May’s making it easier tasks will become June’s. And this is a classic example of how ‘making it easier’ turns out to be hard work, both physically and mentally.

But in the end, easier.

Bazaar Times

So ask I mentioned a few posts ago, I’ve been doing some yarn culling. First there was the big rug yarn/fabric cull last year that triggered the Summer of Quilts, thanks to me thinking it would be easier (ha!) to just sew up all the flannelette strips into quilts. Then in April I culled some dyeing supplies and knitting yarn. As May arrived the rest of the stash got thinned and I figured it all may as well go into the yearly weaving guild sale. I added magazines, a pin loom, a 16 shaft loom I was going to fix up but no longer want, and circular knitting machine to the pile.

And it was quite a pile.

More like a wall.

Estimated total number of items was topping 100. Aside from the possibility it wouldn’t all fit in my car, the thought of filling in ten forms, and deciding on prices, and labelling it all, and carting it to the guild sapped my will to live. It had me wondering if I should just have a studio sale instead. That reminded me that I’ve seen people hire a table at the Bazaar and have their own eftpos machine. Both Paul and a friend have organised such things before so it didn’t intimidate me. Doing it that way would remove the need for filling in forms and I could change prices or put together bundles as the day progressed. I called the guild and asked if I could do that instead.

After a few days they got back to me, and the answer was ‘no’. So I looked at the pile/wall and figured I had to reduce it to a more manageable size. I decided to donate the knitting yarn to op shops and toss the magazines into the recycling (I’d got them for free at the Bazaar two years ago when nobody wanted them). I was all ready to take the rug yarn to the tip when a weaver I know said that friend of hers would take it. Perfect.

That got the items down to just under 70. It took me 4 hours to fill in the forms and write and attach the tags. It and the rug yarn (which I delivered the same day) filled the back of my car.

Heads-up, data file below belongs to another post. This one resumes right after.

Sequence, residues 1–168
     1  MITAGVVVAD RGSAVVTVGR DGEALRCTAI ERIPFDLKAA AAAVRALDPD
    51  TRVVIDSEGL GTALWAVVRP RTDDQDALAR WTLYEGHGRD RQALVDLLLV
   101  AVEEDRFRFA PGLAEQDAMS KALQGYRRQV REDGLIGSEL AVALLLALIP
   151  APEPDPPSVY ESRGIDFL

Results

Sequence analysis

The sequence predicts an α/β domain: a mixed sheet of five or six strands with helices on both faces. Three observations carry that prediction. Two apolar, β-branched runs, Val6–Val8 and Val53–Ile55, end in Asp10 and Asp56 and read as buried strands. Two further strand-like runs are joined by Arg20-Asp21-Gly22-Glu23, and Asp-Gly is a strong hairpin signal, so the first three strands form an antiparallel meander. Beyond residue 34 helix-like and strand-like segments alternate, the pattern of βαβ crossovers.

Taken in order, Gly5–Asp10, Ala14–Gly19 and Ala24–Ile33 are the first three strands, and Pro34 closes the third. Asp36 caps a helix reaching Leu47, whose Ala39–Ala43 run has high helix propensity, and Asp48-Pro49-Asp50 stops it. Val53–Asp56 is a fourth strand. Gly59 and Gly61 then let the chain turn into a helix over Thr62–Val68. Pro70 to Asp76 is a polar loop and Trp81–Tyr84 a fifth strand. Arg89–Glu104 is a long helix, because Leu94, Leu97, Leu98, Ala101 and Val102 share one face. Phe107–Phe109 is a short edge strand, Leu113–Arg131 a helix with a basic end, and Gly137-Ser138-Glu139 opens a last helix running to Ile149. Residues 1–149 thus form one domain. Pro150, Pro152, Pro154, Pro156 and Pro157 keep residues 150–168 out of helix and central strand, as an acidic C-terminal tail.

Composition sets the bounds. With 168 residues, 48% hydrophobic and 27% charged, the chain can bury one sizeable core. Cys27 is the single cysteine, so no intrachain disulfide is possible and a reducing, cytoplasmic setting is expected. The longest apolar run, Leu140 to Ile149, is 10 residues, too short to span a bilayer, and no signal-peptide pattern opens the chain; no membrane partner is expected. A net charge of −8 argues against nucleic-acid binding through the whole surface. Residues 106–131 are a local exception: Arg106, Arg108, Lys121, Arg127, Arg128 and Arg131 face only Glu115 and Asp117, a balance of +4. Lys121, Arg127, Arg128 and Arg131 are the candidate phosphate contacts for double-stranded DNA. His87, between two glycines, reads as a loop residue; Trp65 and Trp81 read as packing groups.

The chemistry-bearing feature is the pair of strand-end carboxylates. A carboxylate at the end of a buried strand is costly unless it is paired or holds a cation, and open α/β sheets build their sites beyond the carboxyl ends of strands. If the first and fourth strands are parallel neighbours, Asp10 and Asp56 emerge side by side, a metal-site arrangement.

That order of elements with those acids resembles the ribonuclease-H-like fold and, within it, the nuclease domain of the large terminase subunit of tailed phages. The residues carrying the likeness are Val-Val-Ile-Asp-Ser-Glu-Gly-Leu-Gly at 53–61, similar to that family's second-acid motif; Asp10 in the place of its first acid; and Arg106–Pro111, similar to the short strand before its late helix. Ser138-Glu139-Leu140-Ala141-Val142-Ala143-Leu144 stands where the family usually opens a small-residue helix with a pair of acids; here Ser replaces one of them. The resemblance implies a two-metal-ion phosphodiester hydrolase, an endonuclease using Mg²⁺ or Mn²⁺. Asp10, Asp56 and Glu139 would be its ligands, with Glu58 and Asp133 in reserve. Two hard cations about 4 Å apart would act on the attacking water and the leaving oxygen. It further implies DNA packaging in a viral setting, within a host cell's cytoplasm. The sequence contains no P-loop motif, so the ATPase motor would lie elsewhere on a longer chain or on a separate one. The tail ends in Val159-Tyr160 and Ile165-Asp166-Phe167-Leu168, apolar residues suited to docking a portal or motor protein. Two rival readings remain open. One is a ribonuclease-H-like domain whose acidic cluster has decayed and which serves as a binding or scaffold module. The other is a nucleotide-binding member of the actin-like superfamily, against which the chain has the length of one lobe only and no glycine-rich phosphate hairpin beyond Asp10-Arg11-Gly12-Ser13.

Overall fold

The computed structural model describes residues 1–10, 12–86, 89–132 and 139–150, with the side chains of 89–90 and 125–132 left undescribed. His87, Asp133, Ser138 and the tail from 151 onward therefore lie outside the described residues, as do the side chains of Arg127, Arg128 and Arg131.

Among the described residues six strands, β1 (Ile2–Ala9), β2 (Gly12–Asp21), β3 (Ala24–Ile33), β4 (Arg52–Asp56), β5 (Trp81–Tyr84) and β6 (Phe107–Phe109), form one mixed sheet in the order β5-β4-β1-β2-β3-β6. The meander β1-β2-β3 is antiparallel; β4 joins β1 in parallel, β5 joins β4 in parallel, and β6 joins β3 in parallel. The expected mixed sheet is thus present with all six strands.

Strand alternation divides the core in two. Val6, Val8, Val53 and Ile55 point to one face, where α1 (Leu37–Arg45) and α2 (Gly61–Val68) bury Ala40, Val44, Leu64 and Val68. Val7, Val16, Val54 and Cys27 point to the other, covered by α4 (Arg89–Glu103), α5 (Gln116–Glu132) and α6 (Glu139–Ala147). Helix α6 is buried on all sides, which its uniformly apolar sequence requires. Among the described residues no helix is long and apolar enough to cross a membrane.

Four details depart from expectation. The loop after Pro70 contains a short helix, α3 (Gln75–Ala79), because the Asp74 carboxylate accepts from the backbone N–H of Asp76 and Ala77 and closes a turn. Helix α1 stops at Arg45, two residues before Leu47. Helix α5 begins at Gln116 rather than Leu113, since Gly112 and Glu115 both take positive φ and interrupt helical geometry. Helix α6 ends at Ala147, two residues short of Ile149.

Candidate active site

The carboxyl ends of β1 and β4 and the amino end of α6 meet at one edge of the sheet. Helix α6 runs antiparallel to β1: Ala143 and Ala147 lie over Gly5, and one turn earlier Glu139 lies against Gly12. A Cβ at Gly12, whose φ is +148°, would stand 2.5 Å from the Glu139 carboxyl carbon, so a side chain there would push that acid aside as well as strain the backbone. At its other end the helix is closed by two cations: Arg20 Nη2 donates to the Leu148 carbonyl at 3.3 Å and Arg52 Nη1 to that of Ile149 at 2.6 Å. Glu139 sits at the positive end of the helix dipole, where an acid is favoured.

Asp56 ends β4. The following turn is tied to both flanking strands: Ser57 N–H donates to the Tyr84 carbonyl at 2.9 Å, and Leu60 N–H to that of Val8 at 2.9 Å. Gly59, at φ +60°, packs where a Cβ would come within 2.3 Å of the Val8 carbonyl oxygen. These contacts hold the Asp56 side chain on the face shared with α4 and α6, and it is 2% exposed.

And, thankfully, most of it sold.

Looking at the Loom Room now, the difference is obvious. Only half of the shelving and little wardrobe contain weaving things. The rest holds either knitting/crochet, embroidery and spinning items, or empty tubs. I’m not sure what my next move is, but it might involve even bigger changes.

As I always remind myself: nothing in life is more sure than change.

Colour-blocked Corduroy Jacket

Or is it a shirt? I guess it’s a ‘shacket’, as it works as either.

It felt like I had a lot left to do when I tackled the next stage, since the sewing up is the main part of garment construction. But in truth, it was no more than an easy day’s work. I took breaks for cuppas and lunch, and one to write the bulk of this post before tackling the buttonholes.

This was a ‘just for the fun of it’ project. Though it was done in the spirit of using up fabric, the main aim was to play with colour-blocking. I bought fabric for it and have enough of five of the six kinds to put to other uses, though not for any full garment.

What’s next? Well, some sewing thread I ordered for topstitching a quilt back in January has finally arrived, so that might be next. Or perhaps I’ll fix the wool skirt that got shrunk last year first.

Making it Easier – April

This was supposed to auto-post. Well, better late than never!